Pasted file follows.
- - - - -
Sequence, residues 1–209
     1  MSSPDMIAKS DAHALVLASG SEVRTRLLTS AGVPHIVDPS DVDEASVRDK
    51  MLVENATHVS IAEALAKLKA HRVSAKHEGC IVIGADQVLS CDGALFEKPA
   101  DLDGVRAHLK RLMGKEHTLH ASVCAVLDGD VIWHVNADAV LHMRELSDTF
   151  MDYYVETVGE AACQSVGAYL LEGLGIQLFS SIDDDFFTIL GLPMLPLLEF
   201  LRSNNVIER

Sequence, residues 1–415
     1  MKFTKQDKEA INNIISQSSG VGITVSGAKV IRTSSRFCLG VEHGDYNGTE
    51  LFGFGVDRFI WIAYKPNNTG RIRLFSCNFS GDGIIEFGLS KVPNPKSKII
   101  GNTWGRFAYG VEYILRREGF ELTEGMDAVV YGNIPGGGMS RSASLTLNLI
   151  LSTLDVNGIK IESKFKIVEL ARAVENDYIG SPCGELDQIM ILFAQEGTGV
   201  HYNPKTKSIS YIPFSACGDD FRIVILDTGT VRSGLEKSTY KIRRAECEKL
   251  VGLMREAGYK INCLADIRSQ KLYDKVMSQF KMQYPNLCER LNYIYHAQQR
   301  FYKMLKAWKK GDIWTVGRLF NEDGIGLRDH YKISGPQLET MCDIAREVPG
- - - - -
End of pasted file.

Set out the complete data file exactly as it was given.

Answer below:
Sequence, residues 1–209
     1  MSSPDMIAKS DAHALVLASG SEVRTRLLTS AGVPHIVDPS DVDEASVRDK
    51  MLVENATHVS IAEALAKLKA HRVSAKHEGC IVIGADQVLS CDGALFEKPA
   101  DLDGVRAHLK RLMGKEHTLH ASVCAVLDGD VIWHVNADAV LHMRELSDTF
   151  MDYYVETVGE AACQSVGAYL LEGLGIQLFS SIDDDFFTIL GLPMLPLLEF
   201  LRSNNVIER

Sequence, residues 1–415
     1  MKFTKQDKEA INNIISQSSG VGITVSGAKV IRTSSRFCLG VEHGDYNGTE
    51  LFGFGVDRFI WIAYKPNNTG RIRLFSCNFS GDGIIEFGLS KVPNPKSKII
   101  GNTWGRFAYG VEYILRREGF ELTEGMDAVV YGNIPGGGMS RSASLTLNLI
   151  LSTLDVNGIK IESKFKIVEL ARAVENDYIG SPCGELDQIM ILFAQEGTGV
   201  HYNPKTKSIS YIPFSACGDD FRIVILDTGT VRSGLEKSTY KIRRAECEKL
   251  VGLMREAGYK INCLADIRSQ KLYDKVMSQF KMQYPNLCER LNYIYHAQQR
   301  FYKMLKAWKK GDIWTVGRLF NEDGIGLRDH YKISGPQLET MCDIAREVPG